The 1950s were years of experimentation as well as professional success for Rivers. He tried his hand at life-size plaster casts of figures that evoked ancient Roman statuary. He caused a sensation and much derision with his Washington Crossing the Delaware (1955), a heroic pastiche whose historical content and traditional draftsmanship deliberately flouted Abstract Expressionism. His mother-in-law was a frequent subject in the mid-1950s; the best known image of her is the candid nude, Double Portrait of Berdie (1955). Rivers divided his time during these years between New York City and Southhampton, Long Island.
Rivers was involved in many artistic collaborations dating back to 1952, when he designed sets for Frank O'Hara's play "Try! Try!" In 1957 he teamed again with O'Hara, this time on a lithographic series, Stones, produced by Tatyana Grosman's Universal Limited Art Editions. In 1960 Rivers worked with Kenneth Koch on several poetry-paintings. Other collaborators included Jean Tinguely (1961), LeRoi Jones (1964), and Terry Southern (1968-1977). In the late 1950s Rivers kept himself busy on many fronts, continuing to play jazz "gigs," appearing in the beat generation film "Pull My Daisy" (1959), and, in perhaps his most fabulous exploit, winning $32,000 on a television game show in 1957.
Rivers' style around 1960, with its anecdotal appropriations of current culture, anticipated the Pop movement. In 1961 and 1962 he did take-offs of various cigarette ad campaigns, while his Civil War Veteran series, begun in 1959, was based on photographs from Life magazine. Parts of the Body (1963) and its successors derive from foreign-language texts and illustrate Rivers' interest in verbal and visual alliance.
Rivers did not forsake the "big statement" of his earlier work. His 1963 billboard design for the first New York Film Festival encompasses an elaborate set of images, while his monumental A History of the Russian Revolution (1965) revives history painting of an earlier era. Later Rivers' look at Judaism with its tongue-in-cheek title, History of Matzoh (1982-1984), involved large-scale public statement.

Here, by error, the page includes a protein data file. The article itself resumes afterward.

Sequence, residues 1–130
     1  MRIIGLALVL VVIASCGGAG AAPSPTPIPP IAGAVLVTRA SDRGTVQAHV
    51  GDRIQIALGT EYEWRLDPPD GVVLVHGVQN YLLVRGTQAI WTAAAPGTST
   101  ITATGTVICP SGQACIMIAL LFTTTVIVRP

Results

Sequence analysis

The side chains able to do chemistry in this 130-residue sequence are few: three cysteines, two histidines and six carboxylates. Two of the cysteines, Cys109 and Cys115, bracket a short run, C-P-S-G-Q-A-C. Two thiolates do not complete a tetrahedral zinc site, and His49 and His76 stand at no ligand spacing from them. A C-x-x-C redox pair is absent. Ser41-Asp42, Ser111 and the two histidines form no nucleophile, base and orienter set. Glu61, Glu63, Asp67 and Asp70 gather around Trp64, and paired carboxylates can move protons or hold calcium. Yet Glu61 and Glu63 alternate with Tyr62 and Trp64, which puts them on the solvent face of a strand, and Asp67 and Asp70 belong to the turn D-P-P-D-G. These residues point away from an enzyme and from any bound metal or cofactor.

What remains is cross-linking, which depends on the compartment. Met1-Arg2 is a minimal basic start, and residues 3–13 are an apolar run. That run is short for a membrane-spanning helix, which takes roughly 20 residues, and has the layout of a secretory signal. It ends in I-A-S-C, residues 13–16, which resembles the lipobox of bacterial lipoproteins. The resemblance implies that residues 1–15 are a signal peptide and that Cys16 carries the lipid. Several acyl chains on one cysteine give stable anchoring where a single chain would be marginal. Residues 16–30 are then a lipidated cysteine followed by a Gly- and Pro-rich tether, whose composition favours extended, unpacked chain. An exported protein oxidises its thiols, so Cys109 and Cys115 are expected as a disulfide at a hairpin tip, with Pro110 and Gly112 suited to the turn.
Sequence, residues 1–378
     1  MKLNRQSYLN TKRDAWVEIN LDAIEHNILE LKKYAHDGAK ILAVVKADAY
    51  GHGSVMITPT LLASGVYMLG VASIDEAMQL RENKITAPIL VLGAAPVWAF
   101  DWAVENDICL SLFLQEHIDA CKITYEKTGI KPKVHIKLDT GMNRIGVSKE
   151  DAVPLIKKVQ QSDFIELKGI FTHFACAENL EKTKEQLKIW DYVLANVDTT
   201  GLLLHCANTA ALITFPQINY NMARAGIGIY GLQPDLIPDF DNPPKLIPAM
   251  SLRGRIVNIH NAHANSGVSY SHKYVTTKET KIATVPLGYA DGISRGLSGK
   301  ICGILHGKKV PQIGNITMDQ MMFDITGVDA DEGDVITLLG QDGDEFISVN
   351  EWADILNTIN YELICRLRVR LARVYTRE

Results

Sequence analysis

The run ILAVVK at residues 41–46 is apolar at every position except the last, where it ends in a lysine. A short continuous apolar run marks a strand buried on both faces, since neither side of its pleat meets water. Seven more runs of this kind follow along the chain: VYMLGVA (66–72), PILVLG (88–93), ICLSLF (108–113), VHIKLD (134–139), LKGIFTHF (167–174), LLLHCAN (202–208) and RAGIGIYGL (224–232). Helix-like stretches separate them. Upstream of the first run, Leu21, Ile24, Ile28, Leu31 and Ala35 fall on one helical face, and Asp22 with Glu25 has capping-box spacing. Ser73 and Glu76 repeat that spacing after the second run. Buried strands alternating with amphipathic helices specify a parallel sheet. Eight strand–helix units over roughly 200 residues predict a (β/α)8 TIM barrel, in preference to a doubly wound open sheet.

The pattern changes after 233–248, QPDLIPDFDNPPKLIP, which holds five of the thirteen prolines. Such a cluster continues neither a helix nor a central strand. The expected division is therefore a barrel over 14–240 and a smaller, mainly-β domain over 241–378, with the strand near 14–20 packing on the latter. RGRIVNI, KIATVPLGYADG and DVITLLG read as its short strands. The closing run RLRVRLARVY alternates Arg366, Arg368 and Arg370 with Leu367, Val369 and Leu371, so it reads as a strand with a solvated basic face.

Rivers' second marriage, to Clarice Price, lasted from 1961 to 1967. In 1966 his long-time friend O'Hara died tragically. During these years Rivers made increasing use of mechanical techniques of stencilling, projected images, and airbrush. He also began making mixed-media constructions. The casual quality of his earlier work was replaced by a slicker surface, though his content was strongly personal, as in the aggressive ideology of the Some American History pictures (1969) or the autobiographical reflections of Golden Oldies, a series commissioned in 1978. A strong dose of sexuality is often present. Expanding his artistic pursuits, Rivers travelled to Africa in 1967 to help work on a television film and then acted in several others. Film and video took on greater importance for Rivers, especially after 1970.
In 1972 he taught at the University of California in Santa Barbara, and in 1973 he had exhibitions in Brussels and New York. In 1974 he finished his Japan series. He was represented at the documentary 6 in 1977. And later in 1980-81 he was given his first Eurpean retrospective at Hanover, Munich and Berlin.
Larry Rivers' restlessness led to a career of remarkable diversity. His offbeat synthesis of high and low culture, his union of private and public expression, and his defiant stance made him a true "original."
Further Reading on Larry Rivers
For a discussion of the cultural climate from which Larry Rivers emerged see Irving Sandler, The New York (1978). Both Sam Hunter, Larry Rivers (1969) and Helen A. Harrison, Larry Rivers (1984) are fine surveys of the artist. Carol Brightman and Larry Rivers, Drawings and Digressions (1979) provides a comprehensive view of the artist's outlook in his own words. Additional information about Rivers can be found on the Internet at the following web addresses: http://www.fi.muni.cztoms/PopArt/Biographies/rivers.html , and http://www.nga.gov/cgi-bin/psearch?.